Just months after the lavish inauguration party, $148,000 from the account Katherine Kealoha shared with her grandmother was gone. And that's when the relationship between the Kealohas and Puanas began to sour.
Multiple sources say the FBI investigation is looking into whether Katherine Kealoha used her position as a top prosecutor -- and her police connections -- to gain an advantage in the family dispute.
Family dispute worsens
By 2012, the relationship between Katherine Kealoha and her grandmother and uncle was growing more contentious.
Court documents show that even more money was missing from the joint bank account, which was eventually closed.
That year, Florence Puana sent a one-page letter to Katherine Kealoha characterizing the missing money as "borrowed" and asking her to repay $300,000. The letter was mailed to the chief's office at the police department, where several people would have screened it before giving it to Louis Kealoha.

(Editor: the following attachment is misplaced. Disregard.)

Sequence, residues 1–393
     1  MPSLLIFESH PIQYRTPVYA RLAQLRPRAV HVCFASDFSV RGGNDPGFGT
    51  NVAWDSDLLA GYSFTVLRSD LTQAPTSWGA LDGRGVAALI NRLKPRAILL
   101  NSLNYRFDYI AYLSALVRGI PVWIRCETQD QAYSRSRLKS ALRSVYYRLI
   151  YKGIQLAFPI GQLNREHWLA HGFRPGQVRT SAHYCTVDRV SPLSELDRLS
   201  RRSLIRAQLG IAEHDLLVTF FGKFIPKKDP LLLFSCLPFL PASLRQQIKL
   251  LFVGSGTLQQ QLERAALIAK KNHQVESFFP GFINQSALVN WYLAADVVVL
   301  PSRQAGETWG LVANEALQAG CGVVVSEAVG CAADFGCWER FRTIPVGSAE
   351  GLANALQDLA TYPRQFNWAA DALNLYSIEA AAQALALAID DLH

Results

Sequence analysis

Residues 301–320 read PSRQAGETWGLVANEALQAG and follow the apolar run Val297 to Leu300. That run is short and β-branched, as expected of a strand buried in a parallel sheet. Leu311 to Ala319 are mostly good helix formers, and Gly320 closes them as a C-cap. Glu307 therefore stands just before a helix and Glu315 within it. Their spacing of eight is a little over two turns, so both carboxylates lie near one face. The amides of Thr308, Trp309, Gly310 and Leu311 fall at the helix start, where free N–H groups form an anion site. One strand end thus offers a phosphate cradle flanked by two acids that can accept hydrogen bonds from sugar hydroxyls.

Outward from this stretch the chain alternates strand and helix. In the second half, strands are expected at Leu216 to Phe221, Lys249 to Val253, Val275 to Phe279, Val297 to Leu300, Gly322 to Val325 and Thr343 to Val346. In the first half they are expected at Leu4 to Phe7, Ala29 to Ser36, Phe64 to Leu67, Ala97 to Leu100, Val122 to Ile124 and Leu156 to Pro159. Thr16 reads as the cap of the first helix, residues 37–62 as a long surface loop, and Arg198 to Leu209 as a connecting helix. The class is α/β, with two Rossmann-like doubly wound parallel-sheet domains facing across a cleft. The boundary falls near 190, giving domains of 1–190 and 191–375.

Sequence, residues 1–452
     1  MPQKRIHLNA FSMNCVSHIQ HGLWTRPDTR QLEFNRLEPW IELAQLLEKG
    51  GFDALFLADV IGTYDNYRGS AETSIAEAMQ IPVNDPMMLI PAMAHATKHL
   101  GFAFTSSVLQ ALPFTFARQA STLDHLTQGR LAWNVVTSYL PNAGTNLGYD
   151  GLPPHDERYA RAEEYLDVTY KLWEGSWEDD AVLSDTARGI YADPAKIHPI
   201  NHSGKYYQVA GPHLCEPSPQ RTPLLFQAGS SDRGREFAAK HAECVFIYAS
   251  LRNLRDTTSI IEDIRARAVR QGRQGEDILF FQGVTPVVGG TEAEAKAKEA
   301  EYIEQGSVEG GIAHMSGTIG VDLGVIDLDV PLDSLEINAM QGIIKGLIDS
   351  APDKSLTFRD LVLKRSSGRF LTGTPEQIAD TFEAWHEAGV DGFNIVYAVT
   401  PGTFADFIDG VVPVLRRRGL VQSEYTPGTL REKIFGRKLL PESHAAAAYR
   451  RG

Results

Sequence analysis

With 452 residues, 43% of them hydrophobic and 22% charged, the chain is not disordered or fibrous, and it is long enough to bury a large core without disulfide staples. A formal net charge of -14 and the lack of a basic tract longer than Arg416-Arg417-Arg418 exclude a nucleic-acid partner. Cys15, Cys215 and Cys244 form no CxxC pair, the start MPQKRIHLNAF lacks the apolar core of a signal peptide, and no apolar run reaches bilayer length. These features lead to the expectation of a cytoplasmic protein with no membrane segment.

"As you know, I've tried again and again to talk to you by phone, offered to meet with you at any time or place," Puana writes in the letter, in which she also says that Katherine Kealoha is no longer her attorney "effective immediately."
"You have not been truthful and have turned your back on me," Puana wrote.
Five days later, Katherine Kealoha sent a strongly-worded six-page response to Puana, in which she frequently types whole paragraphs in all caps. She denies avoiding contact with her grandmother and says she has always been available to talk about the situation.
Kealoha writes, "I HAVE NEVER, WILL NEVER OR WOULD NEVER BORROW, TAKE OR EVEN REQUEST to BORROW ANY MONEY FROM FLORENCE PUANA!"
She continues, "I WILL seek the highest form of legal retribution against ANYONE and EVERYONE who has written or verbally uttered those LIES about me! They will rue the day that they decided to state these TWISTED LIES!"
The Puanas eventually filed a civil lawsuit against the Kealohas over the missing money, and on June 19, 2013, Katherine Kealoha is questioned under oath in the case.